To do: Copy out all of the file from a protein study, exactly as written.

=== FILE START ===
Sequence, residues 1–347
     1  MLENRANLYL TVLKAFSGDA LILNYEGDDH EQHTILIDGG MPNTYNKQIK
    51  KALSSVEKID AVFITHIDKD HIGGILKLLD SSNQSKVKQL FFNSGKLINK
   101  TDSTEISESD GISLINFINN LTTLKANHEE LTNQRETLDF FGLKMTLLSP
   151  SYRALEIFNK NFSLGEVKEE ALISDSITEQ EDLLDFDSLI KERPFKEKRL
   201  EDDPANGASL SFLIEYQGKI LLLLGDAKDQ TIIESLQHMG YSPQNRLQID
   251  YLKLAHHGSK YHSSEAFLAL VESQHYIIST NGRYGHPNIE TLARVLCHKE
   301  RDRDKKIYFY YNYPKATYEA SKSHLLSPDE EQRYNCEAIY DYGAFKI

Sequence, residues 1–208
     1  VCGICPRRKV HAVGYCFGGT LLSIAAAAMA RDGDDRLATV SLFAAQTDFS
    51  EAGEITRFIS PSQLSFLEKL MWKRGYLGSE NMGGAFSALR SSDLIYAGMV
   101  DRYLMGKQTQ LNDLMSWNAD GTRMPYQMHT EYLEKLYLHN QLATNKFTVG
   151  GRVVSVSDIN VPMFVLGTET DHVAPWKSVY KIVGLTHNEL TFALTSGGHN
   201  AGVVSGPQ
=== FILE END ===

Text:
Sequence, residues 1–347
     1  MLENRANLYL TVLKAFSGDA LILNYEGDDH EQHTILIDGG MPNTYNKQIK
    51  KALSSVEKID AVFITHIDKD HIGGILKLLD SSNQSKVKQL FFNSGKLINK
   101  TDSTEISESD GISLINFINN LTTLKANHEE LTNQRETLDF FGLKMTLLSP
   151  SYRALEIFNK NFSLGEVKEE ALISDSITEQ EDLLDFDSLI KERPFKEKRL
   201  EDDPANGASL SFLIEYQGKI LLLLGDAKDQ TIIESLQHMG YSPQNRLQID
   251  YLKLAHHGSK YHSSEAFLAL VESQHYIIST NGRYGHPNIE TLARVLCHKE
   301  RDRDKKIYFY YNYPKATYEA SKSHLLSPDE EQRYNCEAIY DYGAFKI

Sequence, residues 1–208
     1  VCGICPRRKV HAVGYCFGGT LLSIAAAAMA RDGDDRLATV SLFAAQTDFS
    51  EAGEITRFIS PSQLSFLEKL MWKRGYLGSE NMGGAFSALR SSDLIYAGMV
   101  DRYLMGKQTQ LNDLMSWNAD GTRMPYQMHT EYLEKLYLHN QLATNKFTVG
   151  GRVVSVSDIN VPMFVLGTET DHVAPWKSVY KIVGLTHNEL TFALTSGGHN
   201  AGVVSGPQ